"Entonces en la escala de la tierra he subido entre la atroz maranna de las selvas perdidas hasta ti, Macchu Picchu" (Pablo Neruda). 

Peru sits enthroned with Egypt and the Arabian tales, sultans and sultanas, above the open panorama of history; at once, she quietly and deeply grips each human heart. Peru is yours and she is mine.

Since Christmas, I've been listening to sierran huaynos in both Spanish and Quechua. Some rake the ears; others pour like crystal streams from the misty fastnesses--down the quebradas like a torrent. I have a new Quechua grammar lying about, beckoning. I often carry it around like a prize. I may one day even leaf through a chapter or tackle a verbal paradigm, though it's enough to carry it around, or move it from shelf to shelf and never too far away.

The Spanish Conquest at long last ends. I've discovered the triumphant music of Edith Ramos Guerra. She stands in the Korikancha and sings El Pajonal. Singing doesn't suffice to describe the effect Ms. Ramos has on her hearers: she calls, she summons. She commands with a bracing, aggressive lordship--sultana de las sultanas--the songs of Puno, the South that I do not know--and yet I know it. I know it in the way we all know Puno and Cuzco and the Inka in his glory, before Pizarro comes. I watch the Miski Takiy (Sweet Music) TV sensation on YouTube, which features Andean musicians performing in the open mountain air against a backdrop of shooting fountains of the purest water. Shooting fountains of clean water. Here rises a phoenix from the burnt out decades of Andean terrorism and police state militarism, ambiguously brutal beyond imagining, phoenix from the subjugating centuries. I'm going to cut the Passive Mode ("the Andeans were conquered") out of my new Queshwa grammar.

I don't know why I listen to these songs. But the heirs of the Inka Empire won--and they didn't need Mao.

My deeply held Peru, deeper yet and stranger for being something beyond imagination, certainly includes the memory of a visit to a small home, at evening, in the North--so far away it seems tonight:

We spoke of Lehi and the Liahona,
Of desert ways, where sighting can be tough.

"My papi has a compass too," she said,
and ran and brought it.

It was heavy.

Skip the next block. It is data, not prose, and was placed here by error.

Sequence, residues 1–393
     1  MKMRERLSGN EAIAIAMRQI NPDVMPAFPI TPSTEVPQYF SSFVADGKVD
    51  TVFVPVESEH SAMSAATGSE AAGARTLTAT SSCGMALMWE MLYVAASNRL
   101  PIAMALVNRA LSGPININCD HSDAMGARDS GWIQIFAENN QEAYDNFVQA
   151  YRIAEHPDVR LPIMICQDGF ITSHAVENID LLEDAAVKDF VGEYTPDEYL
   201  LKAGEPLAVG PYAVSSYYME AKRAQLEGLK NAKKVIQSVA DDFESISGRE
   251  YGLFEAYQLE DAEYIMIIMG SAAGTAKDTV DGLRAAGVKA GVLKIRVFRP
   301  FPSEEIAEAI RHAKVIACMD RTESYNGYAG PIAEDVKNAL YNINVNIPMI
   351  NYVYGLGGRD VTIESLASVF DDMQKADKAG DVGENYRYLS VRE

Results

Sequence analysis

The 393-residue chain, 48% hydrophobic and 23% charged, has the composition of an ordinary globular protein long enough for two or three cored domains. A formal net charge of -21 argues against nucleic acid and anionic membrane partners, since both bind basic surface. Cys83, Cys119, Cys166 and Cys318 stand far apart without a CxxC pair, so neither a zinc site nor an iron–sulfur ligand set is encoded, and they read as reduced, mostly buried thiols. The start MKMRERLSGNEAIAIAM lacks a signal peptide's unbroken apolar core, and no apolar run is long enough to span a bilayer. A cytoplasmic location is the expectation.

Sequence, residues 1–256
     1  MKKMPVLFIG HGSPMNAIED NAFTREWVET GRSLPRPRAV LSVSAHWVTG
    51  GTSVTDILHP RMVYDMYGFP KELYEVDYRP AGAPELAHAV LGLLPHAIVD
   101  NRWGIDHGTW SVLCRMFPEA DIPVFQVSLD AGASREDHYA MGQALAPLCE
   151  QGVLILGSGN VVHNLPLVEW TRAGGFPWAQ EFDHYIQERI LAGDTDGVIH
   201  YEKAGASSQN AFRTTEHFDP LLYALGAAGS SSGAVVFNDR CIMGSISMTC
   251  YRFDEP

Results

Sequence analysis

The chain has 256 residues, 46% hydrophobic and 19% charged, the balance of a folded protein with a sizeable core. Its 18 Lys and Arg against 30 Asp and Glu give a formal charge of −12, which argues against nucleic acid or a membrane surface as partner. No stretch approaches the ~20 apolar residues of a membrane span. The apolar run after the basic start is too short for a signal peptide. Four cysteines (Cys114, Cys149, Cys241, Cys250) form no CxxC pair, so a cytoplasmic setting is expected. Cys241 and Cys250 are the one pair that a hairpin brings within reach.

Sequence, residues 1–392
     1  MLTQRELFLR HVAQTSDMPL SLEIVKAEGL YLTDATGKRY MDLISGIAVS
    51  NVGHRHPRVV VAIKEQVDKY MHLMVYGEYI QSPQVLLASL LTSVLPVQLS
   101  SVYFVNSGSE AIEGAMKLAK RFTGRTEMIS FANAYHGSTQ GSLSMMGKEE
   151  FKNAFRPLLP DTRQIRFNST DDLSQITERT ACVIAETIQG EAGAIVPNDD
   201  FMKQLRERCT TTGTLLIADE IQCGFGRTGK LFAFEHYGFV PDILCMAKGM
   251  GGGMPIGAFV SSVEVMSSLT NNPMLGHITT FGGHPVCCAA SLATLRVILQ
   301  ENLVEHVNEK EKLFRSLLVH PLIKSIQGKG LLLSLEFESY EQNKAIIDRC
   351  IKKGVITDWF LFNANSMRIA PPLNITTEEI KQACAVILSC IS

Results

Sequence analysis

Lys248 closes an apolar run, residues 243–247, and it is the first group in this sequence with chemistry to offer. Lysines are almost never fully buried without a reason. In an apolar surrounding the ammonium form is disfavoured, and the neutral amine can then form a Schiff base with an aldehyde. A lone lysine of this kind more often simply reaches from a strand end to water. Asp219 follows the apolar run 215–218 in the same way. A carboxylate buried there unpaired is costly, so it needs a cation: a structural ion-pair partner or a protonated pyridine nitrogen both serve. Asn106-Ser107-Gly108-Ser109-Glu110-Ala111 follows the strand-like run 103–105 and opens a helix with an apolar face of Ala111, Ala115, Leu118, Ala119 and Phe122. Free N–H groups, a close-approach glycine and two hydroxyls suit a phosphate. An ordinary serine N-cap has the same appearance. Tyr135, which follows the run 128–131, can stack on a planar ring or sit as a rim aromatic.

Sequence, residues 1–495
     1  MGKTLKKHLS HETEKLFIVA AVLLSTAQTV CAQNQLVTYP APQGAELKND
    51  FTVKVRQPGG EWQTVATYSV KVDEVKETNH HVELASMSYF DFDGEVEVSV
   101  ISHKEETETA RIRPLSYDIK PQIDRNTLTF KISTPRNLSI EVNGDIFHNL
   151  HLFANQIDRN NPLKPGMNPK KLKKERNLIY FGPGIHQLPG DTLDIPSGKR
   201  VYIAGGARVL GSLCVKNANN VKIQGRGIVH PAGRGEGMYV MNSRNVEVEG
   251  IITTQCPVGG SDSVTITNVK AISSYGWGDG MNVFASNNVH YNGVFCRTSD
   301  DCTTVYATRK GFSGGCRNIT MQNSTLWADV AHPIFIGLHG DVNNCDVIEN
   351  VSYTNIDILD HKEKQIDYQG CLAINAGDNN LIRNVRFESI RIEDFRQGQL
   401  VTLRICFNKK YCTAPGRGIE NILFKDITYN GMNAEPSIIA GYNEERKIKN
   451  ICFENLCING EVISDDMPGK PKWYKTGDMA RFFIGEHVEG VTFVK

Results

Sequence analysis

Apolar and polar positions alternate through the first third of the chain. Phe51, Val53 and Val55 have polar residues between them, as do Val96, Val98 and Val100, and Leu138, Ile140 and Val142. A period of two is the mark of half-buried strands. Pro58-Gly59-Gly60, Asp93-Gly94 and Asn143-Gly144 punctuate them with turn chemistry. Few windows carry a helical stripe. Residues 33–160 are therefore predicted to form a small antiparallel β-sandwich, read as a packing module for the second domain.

"It guides his boat when out at sea.
and brings him safely home to us."  

Seared in my senses is the acrid poverty, the sharp nasal tang, the sand forever blowing in the eyes, the spluttering of a candle, the incandescence of a rich wick lamp piercing the darkness of a room washed in blue walls and holding,
precariously, a rough, unsteady table. I attest the struggle to provide simple fare for that table, I affirm the hospitality of the North, a dry land, cut by small rivers coursing down from the fabled Andes--from Cajamarca. I call to mind the little river towns, rising proud from desert sands, not far from the sea, Mamacocha, source of all her woes.

There sits the noblest little kingdom of them all, on the banks of the Rio Chira, two-l Sullana: "Del chira eres la perla, sultana de las sultanas." I dream of walking along the river-- or of "paseos en las canoas"--I fall into the reverie of her blue heaven. I sometimes even search this demesne online, circumscribing, even besieging her, on GoogleMaps. I spy green Marcavelica, just over the Chira, rich in groves of mango and papaya. I visit a juice bar. I Google Sullana's Villa del Mar and check the closing times, pronounce on the menu. Sullana is what she is and may be a fickle sultana, but there's a stateliness about the Chira, a lazy peace attending the Plaza.

The vision snaps like the bridge of San Luis Rey, a bridge of ropes that Inka Pachacuti suspended over space and time.

I just watched a video of Sullana. A huaico runs through it--a torrential flood of devastating mud and rocks and wood (in Quechua, wayq'u). I scan footage shot from helicopter: The entire North appears to be underwater. And las lluvias e inundactiones promise to continue through April. Piura, la Primera Ciudad of the North, saw 2.17" of rain in the last 24 hours; she averages less than 3" a year (25" since January). Thirst, hunger, homelessness, joblessness, and torrential sickness have all begun--and promise to continue. And children always pay the greatest price. All 2017 will be eaten up by las lluvias e inundaciones--and by the home lost, the street lost, the harvests and the jobs that will never be. Long long ago, the wayq'u swept away the great civilizations of the North; now the huaico lays waste to the ephemeral homes of the very poor. Rivers overflow their banks ruining vast swathes of acreage and pasture (see Enrique Planas, "Los moches y El Nino: asi castigaba al norte el dios Aiapaic," in Luces, 20 March 2017;